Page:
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The Cookers - Warriors (Jazz Legacy Productions, 2010)

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This is a veteran supergroup that puts their egos aside to create a very nice album of hard-bop and post bop modern jazz. Consisting of George Cables on piano, Billy Harper on tenor saxophone, Billy Hart on drums, Cecil McBee on bass, Eddie Henderson and David Weiss on trumpet and flugelhorn and Craig Handy on flute and alto saxophone, the band has a wealth of experience upon which to draw. Opening with “The Core" McBee and Hart establish a powerful and propulsive groove over which the horns riff and swirl. There is a fast trumpet solo with the other horns riffing encouragement and then a rippling fast piano solo. For a band named after the torrid live album Night of the Cookers, they establish a statement of purpose right at the start. Billy Harper is one of my all time favorite tenor saxophone players and two of his compositions are featured on this album. “Priestess" has a nice piano intro that sets the stage for the music as the horns enter with the fanfare melody. Harper breaks out on one of his extraordinary solo flights, his sound is huge and bold, swooping like a powerful eagle over the musical landscape. His lengthy solo is supported by riffing horns and a ripe trumpet interlude. Harper's great early composition “Capra Black" is also featured, with a brassy horn opening, protean and deep launching his powerful tenor into solo space against a frame of accompanying horns. Punchy trumpet glides into to keep the pace moving fast and true before the full band returns to take things out. The group shows their dynamic range by slowing things down on Cables' original “Spookarella" which opens at a lush mid-tempo and features nice melodic and dexterous flute from Craig Handy. Having the flute backed with majestic horns and full rhythm gives the music a nice sound reminiscent of a large ensemble. Another Cables composition, “Sweet Rita Suite 2: Her Soul," is a nice ballad again featuring horns and flute in a tight arrangement. Handy floats in a lyrical fashion supported by the horns and subtle rhythm section. This was a fine album is solid mainstream jazz played by a veteran ensemble. It's great to see these experienced musicians getting a chance to play with each other and create vital and interesting music. Warriors—amazon.com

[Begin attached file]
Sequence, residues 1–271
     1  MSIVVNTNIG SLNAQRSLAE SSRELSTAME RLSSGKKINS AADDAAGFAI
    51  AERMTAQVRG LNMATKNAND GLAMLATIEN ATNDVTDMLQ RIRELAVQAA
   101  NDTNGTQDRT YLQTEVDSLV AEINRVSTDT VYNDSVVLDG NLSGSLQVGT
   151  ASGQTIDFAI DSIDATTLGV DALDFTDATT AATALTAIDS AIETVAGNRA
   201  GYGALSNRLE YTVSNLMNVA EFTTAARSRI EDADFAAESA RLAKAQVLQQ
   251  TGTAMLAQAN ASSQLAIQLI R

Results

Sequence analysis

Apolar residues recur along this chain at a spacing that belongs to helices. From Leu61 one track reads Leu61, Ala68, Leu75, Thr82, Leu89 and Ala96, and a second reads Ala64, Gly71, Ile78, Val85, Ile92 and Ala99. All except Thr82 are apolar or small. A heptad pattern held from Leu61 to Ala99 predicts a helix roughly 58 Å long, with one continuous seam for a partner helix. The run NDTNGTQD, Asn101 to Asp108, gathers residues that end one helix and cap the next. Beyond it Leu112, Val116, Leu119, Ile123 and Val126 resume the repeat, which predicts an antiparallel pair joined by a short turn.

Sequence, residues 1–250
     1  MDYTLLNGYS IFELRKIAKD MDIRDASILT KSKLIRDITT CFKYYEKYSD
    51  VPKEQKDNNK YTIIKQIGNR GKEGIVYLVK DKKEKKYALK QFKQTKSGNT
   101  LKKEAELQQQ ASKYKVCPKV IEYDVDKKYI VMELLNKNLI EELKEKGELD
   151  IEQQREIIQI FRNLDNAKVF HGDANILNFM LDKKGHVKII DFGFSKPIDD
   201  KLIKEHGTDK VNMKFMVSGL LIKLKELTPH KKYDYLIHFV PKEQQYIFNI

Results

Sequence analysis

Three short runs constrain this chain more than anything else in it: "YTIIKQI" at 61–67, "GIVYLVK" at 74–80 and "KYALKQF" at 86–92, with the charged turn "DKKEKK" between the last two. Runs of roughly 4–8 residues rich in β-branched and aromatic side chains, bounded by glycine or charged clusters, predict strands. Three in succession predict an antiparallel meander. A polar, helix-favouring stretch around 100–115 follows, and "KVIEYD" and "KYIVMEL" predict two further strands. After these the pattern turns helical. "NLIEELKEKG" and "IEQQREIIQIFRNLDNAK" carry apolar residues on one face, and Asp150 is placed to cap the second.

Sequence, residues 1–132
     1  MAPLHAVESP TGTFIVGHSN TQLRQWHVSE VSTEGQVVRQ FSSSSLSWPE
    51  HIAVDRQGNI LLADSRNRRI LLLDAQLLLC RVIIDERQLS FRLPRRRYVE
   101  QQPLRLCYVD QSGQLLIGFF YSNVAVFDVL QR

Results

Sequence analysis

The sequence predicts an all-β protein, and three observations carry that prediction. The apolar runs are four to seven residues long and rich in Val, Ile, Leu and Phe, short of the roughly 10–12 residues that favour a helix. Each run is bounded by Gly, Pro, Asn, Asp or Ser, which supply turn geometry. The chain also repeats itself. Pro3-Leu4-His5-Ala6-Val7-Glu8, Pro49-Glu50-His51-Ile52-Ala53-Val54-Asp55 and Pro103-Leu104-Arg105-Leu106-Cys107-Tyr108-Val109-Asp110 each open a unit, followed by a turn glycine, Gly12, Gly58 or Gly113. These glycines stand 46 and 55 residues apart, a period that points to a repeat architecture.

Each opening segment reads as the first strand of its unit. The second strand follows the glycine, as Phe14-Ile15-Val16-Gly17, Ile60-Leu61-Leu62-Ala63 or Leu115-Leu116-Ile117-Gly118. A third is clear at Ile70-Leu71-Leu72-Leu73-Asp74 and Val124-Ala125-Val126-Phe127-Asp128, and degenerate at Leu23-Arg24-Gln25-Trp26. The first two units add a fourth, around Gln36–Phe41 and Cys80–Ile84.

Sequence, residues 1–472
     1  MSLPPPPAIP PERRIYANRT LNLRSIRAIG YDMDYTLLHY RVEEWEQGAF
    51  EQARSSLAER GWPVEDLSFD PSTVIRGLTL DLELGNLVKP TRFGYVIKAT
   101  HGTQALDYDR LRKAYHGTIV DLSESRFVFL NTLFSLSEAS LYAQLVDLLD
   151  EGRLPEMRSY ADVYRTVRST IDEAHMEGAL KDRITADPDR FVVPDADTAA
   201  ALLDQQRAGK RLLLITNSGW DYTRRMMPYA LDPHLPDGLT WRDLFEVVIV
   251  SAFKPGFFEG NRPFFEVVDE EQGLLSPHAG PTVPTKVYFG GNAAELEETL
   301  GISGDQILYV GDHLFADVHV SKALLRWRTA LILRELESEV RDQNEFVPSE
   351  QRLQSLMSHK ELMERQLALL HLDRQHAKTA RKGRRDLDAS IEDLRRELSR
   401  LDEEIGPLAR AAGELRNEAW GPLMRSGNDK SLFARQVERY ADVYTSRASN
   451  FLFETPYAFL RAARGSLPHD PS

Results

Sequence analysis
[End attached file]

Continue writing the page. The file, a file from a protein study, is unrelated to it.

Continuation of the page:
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This story appears courtesy of Music and More by Tim Niland.
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